Hybrid plants can be a valuable addition to a landrace garden if the right hybrids are incorporated. Hybrids have a mixed parentage, so there will be some level of diversity among the offspring. Saving seeds from well adapted plants among a genetically diverse population is one of the fundamental principles of landrace gardening.
Hybrids are often created from “elite germplasm”, so they may contain traits for more robust growth, higher yield, or resistance to pests and disease. These traits can be a valuable addition to a landrace.
My cantaloupe localization project included many commercial hybrids and, after the first year, many natural hybrids. I retain a lot of variability in the landrace regarding shape and size of fruit, and the texture of the skin. I save seeds from plants that have great taste, a wonderfully musky smell, and orange flesh. Occasionally I save seeds from a bad tasting fruit if it has some other trait that I want to explore. The bad tasters get planted in an out of the way spot where they won’t contribute much pollen to my main production beds. If some of their offspring produce great tasting fruit then I’ll add them back into the production beds. This week’s photos are of my cantaloupe landrace: descendants of hybrids. Every fruit smells and tastes great regardless of what it looks like.
The first year a commercial hybrid is grown, the plants will be near clones of each other. If the seeds are saved and replanted a variety of different types of offspring are likely to show up. Plants tend to resemble their parents and their grandparents, and most of the plants will contain a mixture of traits that is like the mother of the hybrid, or like the father, or like some blend of traits that is midway between that of the mother and the father. We don’t typically know the parents of a commercial hybrid, but they have been selected to produce great offspring when paired with each other. The grandchildren are also likely to be great plants. A lot of work went into identifying those traits. We might as well incorporate them into our landrace gardens.
If the seeds from a hybrid tomato are saved and replanted, they will always produce a tomato plant. If the seeds from a great hybrid are saved they are likely to produce great offspring. If the seeds from a mediocre hybrid are saved they are likely to produce mediocre offspring.
The drawback of using commercial hybrids in a landrace garden is that hybrids in some species are made using cytoplasmic male sterility. This type of sterility is a trait of the mother plant, and it is passed on to all of her descendants. That is valuable to a commercial seed production company because it greatly reduces the cost of producing hybrid seed. I don’t like partially sterile plants in a landrace.
Commercial hybrids of the following species are generally made using cytoplasmic male sterility. I recommend that commercial hybrids of these species not be included in a landrace: Broccoli, cabbage, radish, onion, carrot, beet and sunflower.
Hybrids of brassicas can also be made using self incompatibility, so those hybrids would be safe to use in a landrace if the seed company disclosed what method of production they used, or if the flowers are examined for normal pollen production.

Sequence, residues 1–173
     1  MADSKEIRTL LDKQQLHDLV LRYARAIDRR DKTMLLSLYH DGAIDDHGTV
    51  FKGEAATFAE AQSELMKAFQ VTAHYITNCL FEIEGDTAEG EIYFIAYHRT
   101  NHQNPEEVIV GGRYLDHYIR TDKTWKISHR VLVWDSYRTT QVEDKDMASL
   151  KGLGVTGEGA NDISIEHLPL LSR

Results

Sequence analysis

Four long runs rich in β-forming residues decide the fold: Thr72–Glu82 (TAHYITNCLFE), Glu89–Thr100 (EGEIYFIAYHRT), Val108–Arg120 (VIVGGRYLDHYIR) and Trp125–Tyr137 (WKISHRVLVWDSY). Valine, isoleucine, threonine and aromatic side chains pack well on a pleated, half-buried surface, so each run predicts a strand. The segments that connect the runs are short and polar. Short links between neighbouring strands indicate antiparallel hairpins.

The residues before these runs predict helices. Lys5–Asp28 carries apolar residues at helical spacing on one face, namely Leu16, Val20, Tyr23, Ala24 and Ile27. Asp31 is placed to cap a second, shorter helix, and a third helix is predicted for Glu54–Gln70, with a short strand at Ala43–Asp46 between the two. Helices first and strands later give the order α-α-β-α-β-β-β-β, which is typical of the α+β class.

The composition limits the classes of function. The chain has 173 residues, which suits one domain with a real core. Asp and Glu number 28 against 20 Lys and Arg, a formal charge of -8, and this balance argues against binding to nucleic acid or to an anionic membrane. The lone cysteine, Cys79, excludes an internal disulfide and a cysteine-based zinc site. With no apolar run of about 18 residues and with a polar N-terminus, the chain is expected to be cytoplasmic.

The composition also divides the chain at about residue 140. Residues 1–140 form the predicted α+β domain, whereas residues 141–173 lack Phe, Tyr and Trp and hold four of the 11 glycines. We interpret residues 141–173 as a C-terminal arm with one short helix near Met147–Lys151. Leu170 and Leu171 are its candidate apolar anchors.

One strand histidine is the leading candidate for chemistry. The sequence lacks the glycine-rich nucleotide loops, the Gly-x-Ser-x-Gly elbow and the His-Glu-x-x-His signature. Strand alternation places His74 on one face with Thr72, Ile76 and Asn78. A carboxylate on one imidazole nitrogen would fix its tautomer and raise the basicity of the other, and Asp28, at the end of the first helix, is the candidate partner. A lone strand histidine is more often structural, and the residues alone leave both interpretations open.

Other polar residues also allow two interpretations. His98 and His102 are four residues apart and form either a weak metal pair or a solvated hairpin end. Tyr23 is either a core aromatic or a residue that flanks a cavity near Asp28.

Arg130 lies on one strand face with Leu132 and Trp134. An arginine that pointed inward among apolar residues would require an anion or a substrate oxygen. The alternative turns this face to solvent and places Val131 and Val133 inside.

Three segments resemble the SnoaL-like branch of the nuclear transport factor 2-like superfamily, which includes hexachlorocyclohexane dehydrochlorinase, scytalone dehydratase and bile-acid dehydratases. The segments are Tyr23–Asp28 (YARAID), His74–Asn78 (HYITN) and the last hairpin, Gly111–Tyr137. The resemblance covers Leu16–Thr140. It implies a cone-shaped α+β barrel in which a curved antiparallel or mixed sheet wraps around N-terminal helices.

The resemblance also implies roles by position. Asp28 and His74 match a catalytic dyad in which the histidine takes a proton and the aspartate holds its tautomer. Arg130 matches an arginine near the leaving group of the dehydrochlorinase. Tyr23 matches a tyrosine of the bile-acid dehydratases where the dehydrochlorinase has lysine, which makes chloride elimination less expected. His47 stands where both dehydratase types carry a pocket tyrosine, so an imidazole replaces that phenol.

Hybrids of the following crops are generally free of cytoplasmic male sterility: tomato, cucumber, squash, corn, watermelon, melons and spinach.
Beans and peas are such radical in-breeders that commercial hybrids are not available.
Before I was aware of cytoplasmic male sterility, about 70% of my carrot landrace was male sterile. They grew fine. The fertile plants produced more than enough pollen for the whole patch. It seems undesirable to me to grow partially sterile plants, so each year I examine my carrot landrace and chop out any sterile plants. I am especially careful when I import new varieties into my garden. I intend to revisit the topic of male sterility in a future post and include more details about how to identify sterile plants.
Some crops, such as tomatoes, peas, and beans are mostly in-breeders and don’t produce many natural hybrids. I watch for the rare natural hybrids among them and give any that I find a special place in the garden. I create hybrids by manual cross pollination. This year I grew the descendants of a naturally occurring bean hybrid named “Resilient Bean Breeder” which was discovered by Carol Deppe. I am very pleased with it. There is diversity in plant structure, productivity, and maturity dates. Planting the offspring of hybrids allows tremendous opportunities to find plants that really thrive in my garden.
A century ago, my great-great grandfather discovered a naturally occurring hybrid in his wheat field. He saved the seed from it. Eventually it became the most widely planted wheat in northern Utah and southern Idaho. Our family still grows “Lofthouse Wheat”, and we still reap the benefit of the good will that was generated because he replanted seeds from a hybrid and attached our name to the resulting landrace.
I love including the offspring of hybrids in my landraces. The segregating offspring of hybrids provide many opportunities to find the perfect combination of genes to localize a plant population to my garden and way of doing things. This is part of the reason why I believe that landrace gardening is a path towards food security through common sense and traditional methods.
Next week’s blog will be a photo essay about some of my landrace plant harvests from this growing season.
Bio: Joseph Lofthouse grows vegetables in a cold mountain valley where he practices the art of landrace gardening in order to feed his community more effectively.
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